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Re: The 2015 melting season
« Reply #1115 on: June 04, 2015, 02:56:40 PM »
Simply it hardly matters if the CAB is at -10C or at -5C in the month of May. There is no significant effect on ice growth and melt does anyway not happen. Heat capacity of the ice is also pretty small, apart from that everything is buffered by a 20cm snow cap. Hence, temperature has no say on what we observe in the CAB in May.
So, just do not bother with that and also no need to shout here.

The positive anomalies nicely focussed on the Kara and Bering regions which are the places where one actually does get melt in May:

Source: www.karstenhaustein.com/climate

Temperatures in June are a different question. Now that there can be melt, we see significant WLA into that region. I suppose your question about higher temperatures in June-August and melt was rhetoric?

DavidR

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Re: The 2015 melting season
« Reply #1116 on: June 04, 2015, 03:03:21 PM »
May was not that cool: temperatures over central arctic do not matter at that time, because melt simply cannot reach the CAB at that time. However, we had significant melt over the rims, which is responsible for the low extent.
Plinius,
if you look at the entire Arctic, (http://www.esrl.noaa.gov/psd/cgi-bin/data/timeseries/timeseries1.pl),  that is everything above 67N, temperatures in May  were not  in  the highest 20 years in the past  60. AND YET we are still at record low levels of extent! What is going on?
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Jim Hunt

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Re: The 2015 melting season
« Reply #1117 on: June 04, 2015, 03:30:46 PM »
What is going on?

Try the same exercise for Beaufort+Chukchi though. As plinius says, temperatures in May in the CAB are irrelevant. In June however.....
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Neven

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Re: The 2015 melting season
« Reply #1118 on: June 04, 2015, 03:43:01 PM »
I just wrote a second bulky update for the ASIB (I just hope it's not too much info that turns people off), and put in this animation showing the switch from cold to not so cold:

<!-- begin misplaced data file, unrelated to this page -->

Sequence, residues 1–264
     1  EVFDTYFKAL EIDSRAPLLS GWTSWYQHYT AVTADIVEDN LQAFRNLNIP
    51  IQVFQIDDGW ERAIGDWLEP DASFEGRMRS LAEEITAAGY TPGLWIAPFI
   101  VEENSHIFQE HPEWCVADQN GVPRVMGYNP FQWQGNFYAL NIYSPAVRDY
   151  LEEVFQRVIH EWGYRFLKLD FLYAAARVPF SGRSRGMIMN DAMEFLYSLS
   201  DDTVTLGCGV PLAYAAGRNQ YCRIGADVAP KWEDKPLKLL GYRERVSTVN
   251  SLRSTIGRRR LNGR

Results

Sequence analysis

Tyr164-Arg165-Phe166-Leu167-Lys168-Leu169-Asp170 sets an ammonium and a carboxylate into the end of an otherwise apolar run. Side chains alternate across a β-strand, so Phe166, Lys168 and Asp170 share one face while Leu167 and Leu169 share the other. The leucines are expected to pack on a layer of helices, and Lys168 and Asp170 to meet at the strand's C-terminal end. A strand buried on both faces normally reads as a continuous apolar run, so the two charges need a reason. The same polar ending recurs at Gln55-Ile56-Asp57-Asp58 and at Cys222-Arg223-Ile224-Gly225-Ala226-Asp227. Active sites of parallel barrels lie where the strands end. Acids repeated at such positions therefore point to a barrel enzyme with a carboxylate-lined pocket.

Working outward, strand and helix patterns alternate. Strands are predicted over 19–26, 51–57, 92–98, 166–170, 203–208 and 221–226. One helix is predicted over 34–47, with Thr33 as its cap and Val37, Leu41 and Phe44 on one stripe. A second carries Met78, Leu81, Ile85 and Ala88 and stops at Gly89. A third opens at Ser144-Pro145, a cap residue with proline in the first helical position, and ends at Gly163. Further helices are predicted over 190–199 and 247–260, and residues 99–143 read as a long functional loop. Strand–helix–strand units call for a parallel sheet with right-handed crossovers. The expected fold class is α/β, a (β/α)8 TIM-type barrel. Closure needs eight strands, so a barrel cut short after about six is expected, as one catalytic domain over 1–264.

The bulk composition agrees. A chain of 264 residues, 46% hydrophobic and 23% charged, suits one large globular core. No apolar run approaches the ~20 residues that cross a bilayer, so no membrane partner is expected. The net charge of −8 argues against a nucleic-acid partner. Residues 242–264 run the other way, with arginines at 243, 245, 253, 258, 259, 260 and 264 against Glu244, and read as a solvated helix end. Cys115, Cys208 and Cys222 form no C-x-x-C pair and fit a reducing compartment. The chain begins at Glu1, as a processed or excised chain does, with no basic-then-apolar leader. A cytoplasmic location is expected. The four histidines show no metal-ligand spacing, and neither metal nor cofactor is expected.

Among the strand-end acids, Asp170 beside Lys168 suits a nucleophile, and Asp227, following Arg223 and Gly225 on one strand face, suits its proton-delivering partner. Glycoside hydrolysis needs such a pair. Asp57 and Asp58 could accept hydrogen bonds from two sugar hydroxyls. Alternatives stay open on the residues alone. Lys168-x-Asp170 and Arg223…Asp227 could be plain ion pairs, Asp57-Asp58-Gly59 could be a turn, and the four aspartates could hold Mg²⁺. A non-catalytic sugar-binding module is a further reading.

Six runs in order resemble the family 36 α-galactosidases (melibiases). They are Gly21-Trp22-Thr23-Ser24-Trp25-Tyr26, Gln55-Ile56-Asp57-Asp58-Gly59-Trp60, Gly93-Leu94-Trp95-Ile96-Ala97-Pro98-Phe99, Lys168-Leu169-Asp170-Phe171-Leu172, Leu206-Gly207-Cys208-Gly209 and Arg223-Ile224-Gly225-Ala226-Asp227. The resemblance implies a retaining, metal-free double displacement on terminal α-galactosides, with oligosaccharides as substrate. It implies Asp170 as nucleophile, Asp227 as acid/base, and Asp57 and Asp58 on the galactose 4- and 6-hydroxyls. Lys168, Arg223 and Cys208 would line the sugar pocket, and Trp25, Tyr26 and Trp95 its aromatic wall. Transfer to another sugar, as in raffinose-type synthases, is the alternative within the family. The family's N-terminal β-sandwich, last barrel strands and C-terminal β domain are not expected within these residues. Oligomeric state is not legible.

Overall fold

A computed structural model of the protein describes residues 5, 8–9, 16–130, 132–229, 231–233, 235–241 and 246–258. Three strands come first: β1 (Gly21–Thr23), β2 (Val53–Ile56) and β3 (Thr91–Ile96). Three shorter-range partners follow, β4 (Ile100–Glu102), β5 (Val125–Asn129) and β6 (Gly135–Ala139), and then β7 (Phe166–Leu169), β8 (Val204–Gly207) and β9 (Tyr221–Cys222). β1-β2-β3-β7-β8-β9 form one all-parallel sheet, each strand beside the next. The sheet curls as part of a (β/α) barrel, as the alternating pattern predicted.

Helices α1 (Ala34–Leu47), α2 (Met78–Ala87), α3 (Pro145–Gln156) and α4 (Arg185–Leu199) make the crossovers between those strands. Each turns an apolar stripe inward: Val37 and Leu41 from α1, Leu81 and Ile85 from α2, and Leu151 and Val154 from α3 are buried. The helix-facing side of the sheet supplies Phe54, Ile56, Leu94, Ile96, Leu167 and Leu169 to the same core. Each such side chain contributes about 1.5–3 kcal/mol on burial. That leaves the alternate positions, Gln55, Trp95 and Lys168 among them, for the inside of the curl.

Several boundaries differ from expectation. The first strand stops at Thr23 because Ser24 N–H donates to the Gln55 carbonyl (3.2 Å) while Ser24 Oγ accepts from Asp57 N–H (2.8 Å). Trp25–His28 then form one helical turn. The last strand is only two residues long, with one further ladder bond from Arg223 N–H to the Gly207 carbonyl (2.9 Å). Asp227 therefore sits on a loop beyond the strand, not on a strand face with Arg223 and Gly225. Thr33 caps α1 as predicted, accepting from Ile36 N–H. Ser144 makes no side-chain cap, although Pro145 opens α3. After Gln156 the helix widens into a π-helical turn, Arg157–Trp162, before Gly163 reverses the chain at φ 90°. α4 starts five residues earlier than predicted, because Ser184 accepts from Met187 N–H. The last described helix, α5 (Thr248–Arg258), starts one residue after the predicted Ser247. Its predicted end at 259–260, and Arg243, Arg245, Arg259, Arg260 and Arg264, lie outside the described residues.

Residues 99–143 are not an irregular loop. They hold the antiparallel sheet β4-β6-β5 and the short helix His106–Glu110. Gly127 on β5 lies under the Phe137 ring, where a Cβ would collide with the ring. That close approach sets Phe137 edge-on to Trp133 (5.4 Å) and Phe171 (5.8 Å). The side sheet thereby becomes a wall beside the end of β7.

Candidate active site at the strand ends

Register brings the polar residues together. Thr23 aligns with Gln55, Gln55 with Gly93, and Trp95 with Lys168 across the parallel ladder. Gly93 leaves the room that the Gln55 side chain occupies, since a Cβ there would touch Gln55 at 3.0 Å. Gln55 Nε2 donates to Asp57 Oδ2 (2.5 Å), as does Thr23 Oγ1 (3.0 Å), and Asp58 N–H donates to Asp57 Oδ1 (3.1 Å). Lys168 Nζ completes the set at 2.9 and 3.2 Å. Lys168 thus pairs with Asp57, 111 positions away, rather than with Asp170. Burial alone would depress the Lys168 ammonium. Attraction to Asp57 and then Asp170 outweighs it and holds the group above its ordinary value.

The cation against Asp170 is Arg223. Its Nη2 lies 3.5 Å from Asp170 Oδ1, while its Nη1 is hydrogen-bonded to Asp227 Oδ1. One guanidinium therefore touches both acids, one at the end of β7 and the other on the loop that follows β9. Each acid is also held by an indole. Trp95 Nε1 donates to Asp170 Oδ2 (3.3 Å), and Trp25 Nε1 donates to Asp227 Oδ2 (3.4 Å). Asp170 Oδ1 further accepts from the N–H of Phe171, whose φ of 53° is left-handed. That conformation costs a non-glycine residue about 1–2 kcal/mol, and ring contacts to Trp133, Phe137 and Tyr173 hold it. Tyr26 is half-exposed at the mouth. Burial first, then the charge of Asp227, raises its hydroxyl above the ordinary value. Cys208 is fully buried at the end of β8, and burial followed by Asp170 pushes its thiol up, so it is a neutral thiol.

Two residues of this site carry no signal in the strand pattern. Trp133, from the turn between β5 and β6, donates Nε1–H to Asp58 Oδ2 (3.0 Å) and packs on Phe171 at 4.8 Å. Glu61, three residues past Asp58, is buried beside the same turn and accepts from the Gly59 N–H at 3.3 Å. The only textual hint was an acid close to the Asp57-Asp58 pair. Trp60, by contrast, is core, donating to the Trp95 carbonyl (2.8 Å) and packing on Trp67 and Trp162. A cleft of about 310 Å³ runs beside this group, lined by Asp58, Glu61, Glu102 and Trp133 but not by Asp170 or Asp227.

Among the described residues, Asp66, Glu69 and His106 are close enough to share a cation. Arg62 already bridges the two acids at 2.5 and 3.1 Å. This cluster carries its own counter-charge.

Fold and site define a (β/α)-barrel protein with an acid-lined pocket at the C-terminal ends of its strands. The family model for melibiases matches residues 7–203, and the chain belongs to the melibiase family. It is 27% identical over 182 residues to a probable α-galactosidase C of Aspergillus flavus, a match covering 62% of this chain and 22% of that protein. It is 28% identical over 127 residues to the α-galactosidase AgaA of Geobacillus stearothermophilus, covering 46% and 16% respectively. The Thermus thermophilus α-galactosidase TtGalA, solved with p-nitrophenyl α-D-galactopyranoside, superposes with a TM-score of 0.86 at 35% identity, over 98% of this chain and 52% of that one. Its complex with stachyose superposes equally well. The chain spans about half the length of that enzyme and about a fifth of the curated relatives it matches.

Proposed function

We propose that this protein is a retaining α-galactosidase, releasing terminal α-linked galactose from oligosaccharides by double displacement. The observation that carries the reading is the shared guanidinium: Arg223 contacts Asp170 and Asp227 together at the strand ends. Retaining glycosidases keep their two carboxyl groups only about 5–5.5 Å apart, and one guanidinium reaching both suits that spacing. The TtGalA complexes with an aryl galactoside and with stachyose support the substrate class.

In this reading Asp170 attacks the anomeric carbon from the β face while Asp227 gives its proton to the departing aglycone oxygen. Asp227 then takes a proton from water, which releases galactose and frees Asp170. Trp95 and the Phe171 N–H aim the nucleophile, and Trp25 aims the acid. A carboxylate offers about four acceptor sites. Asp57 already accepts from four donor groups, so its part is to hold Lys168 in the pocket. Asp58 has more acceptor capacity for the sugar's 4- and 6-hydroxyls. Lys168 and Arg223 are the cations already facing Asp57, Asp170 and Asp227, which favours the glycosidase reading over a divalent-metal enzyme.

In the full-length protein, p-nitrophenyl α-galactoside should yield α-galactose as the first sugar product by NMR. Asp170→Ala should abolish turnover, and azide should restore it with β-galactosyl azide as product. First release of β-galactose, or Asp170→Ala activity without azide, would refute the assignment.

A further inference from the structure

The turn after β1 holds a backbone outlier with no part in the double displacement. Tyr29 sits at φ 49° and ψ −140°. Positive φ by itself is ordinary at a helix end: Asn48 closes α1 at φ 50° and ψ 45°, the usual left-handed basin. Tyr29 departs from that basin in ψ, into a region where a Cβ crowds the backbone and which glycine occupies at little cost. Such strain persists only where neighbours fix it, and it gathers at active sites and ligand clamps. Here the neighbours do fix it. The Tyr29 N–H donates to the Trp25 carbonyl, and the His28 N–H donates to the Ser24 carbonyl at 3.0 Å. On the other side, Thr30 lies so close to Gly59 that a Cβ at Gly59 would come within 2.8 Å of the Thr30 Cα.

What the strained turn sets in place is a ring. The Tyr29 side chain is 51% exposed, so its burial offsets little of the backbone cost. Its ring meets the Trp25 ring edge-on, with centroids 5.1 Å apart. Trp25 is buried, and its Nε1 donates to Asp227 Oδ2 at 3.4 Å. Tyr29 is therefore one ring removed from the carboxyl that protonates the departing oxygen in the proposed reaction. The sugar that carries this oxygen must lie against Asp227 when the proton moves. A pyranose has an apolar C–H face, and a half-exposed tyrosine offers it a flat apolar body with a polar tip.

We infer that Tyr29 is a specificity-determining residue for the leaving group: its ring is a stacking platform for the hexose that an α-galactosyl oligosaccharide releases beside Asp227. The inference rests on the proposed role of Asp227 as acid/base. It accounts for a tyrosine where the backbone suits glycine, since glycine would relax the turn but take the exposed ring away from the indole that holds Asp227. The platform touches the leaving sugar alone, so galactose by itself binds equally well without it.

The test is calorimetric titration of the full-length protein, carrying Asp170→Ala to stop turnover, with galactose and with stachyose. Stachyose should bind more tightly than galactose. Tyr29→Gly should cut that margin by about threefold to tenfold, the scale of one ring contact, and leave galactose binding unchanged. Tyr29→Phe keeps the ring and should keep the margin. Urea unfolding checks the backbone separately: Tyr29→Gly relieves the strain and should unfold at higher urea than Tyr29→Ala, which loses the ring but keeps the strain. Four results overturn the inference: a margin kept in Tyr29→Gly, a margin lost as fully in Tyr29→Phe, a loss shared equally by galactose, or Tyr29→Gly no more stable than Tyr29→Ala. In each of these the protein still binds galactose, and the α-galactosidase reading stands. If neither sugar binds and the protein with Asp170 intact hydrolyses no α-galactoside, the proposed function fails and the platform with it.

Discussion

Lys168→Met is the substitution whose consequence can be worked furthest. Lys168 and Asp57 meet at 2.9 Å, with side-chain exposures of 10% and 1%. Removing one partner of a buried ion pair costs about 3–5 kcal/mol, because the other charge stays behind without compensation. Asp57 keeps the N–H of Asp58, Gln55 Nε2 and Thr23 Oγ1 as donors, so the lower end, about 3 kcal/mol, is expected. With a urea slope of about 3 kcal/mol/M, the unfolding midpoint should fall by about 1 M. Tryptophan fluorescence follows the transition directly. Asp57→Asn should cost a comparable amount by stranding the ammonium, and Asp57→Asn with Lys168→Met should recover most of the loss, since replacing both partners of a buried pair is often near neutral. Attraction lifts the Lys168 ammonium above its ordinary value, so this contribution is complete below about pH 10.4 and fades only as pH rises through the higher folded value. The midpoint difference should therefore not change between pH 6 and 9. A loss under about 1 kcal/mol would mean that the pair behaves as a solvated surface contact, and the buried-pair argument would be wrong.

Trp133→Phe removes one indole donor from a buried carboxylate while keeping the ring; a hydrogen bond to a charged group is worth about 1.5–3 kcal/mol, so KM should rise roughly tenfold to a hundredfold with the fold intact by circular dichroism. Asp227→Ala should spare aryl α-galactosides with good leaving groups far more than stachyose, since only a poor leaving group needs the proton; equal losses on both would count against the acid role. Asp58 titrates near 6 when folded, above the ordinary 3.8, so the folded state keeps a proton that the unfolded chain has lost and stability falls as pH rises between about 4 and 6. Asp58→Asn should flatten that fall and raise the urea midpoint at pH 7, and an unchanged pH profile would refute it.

Like I wrote in the conclusion:

Quote
The Arctic has stopped being cold and is projected to stay warm for the coming week. At the same time it seems there is not much melt ponding happening, which is a crucial factor in building up melting momentum for the rest of the melting season. Extent numbers are very low, and area is catching up, because of early, fast and continued melt in Beaufort, Chukchi, Kara and Hudson, but on the other side the East Siberian and Laptev Seas are still asleep. That's where the action is moving to now, so let's see how many square kilometres of melt ponds can be squeezed in during Junction June.

Later this week I'm going to try and have a closer look at weather conditions in May 2015 compared to other years.
Because that's what it's all about: comparing, comparing, comparing. At least it is for me, who can't program a super computer to make sense of all the various parameters.
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Nightvid Cole

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Re: The 2015 melting season
« Reply #1119 on: June 04, 2015, 04:30:49 PM »
The arctic sea ice snow cover is about to be torched.



Here is the current snow cover.



Here is the forecast snow cover for the 12th.



Here was the snow cover on June 12, 2012.



Here is the snow cover on June 12, 2014



Here is June 12, 2013

My conclusion is that there will be high arctic melt pond formation even earlier than 2012. I think that this may be a really bad summer for the deniers and luke warmists.